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Borderless Gate Contacts for CMOS Applications

IP.com Disclosure Number: IPCOM000035904D
Original Publication Date: 1989-Aug-01
Included in the Prior Art Database: 2005-Jan-28
Document File: 3 page(s) / 84K

Publishing Venue

IBM

Related People

Bajuk, S: AUTHOR [+6]

Abstract

As the gate count increases and the device size decreases in CMOS VLSI logic chips, the wiring contribution to the overall chip performance becomes more and more important. This is especially true in gate arrays where wiring constraints are the largest. A huge development effort is aimed at the minimization of wiring length through improved process (reduced metal pitch, three-level metallization) and improved placement and wiring algorithms.

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Borderless Gate Contacts for CMOS Applications

As the gate count increases and the device size decreases in CMOS VLSI logic chips, the wiring contribution to the overall chip performance becomes more and more important. This is especially true in gate arrays where wiring constraints are the largest. A huge development effort is aimed at the minimization of wiring length through improved process (reduced metal pitch, three-level metallization) and improved placement and wiring algorithms.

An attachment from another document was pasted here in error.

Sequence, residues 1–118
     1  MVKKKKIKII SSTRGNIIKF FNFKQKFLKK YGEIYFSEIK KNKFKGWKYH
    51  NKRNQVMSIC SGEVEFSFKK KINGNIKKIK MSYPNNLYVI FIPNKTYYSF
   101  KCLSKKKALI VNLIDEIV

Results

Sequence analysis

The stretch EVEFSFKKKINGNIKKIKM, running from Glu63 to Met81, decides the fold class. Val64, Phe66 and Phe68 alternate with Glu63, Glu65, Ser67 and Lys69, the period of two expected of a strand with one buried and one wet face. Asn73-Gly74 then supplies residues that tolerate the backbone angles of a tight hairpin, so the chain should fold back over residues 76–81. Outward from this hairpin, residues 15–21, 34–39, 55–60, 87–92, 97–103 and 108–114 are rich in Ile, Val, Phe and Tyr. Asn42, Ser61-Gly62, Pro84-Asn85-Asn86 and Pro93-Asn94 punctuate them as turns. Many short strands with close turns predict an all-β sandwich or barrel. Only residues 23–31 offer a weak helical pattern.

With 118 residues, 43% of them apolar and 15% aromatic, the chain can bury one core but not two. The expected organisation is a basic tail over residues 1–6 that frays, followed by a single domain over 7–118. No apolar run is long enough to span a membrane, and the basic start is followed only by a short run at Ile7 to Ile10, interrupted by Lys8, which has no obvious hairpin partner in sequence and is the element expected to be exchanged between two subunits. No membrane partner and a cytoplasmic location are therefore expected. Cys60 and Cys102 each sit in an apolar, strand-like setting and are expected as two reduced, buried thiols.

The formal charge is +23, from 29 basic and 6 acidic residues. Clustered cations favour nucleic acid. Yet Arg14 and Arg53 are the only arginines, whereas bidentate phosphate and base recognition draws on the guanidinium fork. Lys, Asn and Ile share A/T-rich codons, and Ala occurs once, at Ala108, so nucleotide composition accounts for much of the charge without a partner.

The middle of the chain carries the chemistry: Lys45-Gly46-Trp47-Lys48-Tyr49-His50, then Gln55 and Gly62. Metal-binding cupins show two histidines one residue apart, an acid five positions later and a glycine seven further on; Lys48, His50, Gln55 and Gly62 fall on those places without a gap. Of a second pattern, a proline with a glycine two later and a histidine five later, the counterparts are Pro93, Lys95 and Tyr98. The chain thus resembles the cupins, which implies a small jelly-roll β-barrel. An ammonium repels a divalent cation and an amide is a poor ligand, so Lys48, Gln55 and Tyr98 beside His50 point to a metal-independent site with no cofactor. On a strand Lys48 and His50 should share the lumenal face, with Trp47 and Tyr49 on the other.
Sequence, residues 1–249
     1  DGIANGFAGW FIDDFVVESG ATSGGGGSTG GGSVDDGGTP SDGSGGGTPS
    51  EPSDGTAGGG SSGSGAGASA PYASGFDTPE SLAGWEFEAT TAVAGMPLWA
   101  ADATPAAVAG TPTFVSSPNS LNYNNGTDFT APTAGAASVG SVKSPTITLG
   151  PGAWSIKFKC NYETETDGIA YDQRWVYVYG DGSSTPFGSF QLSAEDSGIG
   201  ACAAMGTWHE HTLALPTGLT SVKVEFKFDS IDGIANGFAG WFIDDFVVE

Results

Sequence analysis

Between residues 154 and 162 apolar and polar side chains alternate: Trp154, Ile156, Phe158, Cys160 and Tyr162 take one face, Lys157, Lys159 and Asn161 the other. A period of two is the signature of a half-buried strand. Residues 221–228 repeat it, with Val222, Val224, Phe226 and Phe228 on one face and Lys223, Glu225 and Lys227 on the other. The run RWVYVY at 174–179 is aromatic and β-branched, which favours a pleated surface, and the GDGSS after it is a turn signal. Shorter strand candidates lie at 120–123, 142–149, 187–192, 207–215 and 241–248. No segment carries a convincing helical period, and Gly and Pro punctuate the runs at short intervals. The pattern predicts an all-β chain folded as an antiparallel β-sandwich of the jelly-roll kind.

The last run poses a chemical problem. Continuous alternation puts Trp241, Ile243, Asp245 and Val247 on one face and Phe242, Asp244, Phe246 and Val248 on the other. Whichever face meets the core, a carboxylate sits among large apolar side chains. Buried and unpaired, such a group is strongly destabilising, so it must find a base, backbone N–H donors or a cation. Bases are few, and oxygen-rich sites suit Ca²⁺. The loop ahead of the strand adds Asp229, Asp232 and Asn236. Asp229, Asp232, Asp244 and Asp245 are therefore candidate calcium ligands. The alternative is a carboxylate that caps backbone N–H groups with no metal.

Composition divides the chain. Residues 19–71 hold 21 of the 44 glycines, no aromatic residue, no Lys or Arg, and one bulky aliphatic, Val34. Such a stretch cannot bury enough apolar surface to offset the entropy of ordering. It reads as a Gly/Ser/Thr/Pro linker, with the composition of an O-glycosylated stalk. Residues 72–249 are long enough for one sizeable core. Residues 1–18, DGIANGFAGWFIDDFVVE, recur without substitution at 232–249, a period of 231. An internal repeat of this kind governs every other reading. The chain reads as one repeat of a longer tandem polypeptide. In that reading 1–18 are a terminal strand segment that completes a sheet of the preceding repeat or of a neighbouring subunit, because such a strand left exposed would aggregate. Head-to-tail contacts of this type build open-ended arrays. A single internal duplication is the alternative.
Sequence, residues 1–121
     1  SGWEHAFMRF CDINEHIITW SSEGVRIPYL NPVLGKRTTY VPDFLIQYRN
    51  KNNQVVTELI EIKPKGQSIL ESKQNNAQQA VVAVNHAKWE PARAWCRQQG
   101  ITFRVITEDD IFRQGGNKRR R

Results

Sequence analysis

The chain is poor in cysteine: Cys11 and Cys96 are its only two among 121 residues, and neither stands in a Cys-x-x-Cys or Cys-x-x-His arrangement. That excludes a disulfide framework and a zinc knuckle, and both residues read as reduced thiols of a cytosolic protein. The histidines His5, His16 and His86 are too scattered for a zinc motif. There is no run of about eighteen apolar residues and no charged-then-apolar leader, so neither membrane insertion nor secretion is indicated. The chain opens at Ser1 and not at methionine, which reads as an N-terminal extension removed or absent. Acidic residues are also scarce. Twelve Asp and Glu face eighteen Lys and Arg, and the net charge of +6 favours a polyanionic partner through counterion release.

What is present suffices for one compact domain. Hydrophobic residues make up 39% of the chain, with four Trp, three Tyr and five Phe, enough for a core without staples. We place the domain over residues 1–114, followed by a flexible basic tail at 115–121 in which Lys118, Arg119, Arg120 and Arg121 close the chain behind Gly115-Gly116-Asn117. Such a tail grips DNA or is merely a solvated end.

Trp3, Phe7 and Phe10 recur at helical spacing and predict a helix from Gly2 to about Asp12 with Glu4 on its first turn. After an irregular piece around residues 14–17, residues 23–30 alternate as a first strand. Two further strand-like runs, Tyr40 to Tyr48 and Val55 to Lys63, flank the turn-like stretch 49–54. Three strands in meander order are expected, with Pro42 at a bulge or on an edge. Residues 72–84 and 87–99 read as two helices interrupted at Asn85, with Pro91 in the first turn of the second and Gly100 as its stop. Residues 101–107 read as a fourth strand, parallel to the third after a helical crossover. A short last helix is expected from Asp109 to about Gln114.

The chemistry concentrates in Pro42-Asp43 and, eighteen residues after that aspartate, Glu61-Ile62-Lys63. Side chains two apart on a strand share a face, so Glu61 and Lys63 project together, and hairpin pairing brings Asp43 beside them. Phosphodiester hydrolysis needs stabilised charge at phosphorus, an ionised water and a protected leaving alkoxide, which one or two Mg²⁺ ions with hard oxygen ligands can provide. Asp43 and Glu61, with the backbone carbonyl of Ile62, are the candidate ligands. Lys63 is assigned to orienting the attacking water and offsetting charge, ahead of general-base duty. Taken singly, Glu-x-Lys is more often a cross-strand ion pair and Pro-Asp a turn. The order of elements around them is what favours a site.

Standard CMOS processes used in gate arrays can be modified to provide more compact cells and facilitate book placement and wiring. The change allows first metal/poly-Si gate contacts to be opened any

(Image Omitted)

where on the gate itself, and eliminates the necessity of large polysilicon extensions on the filed oxide seen in standard designs. In Fig. 1, we show the 3 possible gate contact positions (on horizontal tracks) on a conventional CMOS gate array (left part). This is to be contrasted with the new approach (right part), without any design change, that allows 11 contact positions. This results in improved wiring capabilities both locally and globally. An alternate design using fully a borderless contact would be to remove completely the poly heads, which would define a smaller cell size.

The process used as an example here is a standard submicron CMOS process which includes spacer formation for drain engineering purposes. We keep all the process steps unchanged up to the S/D implant screen oxide str...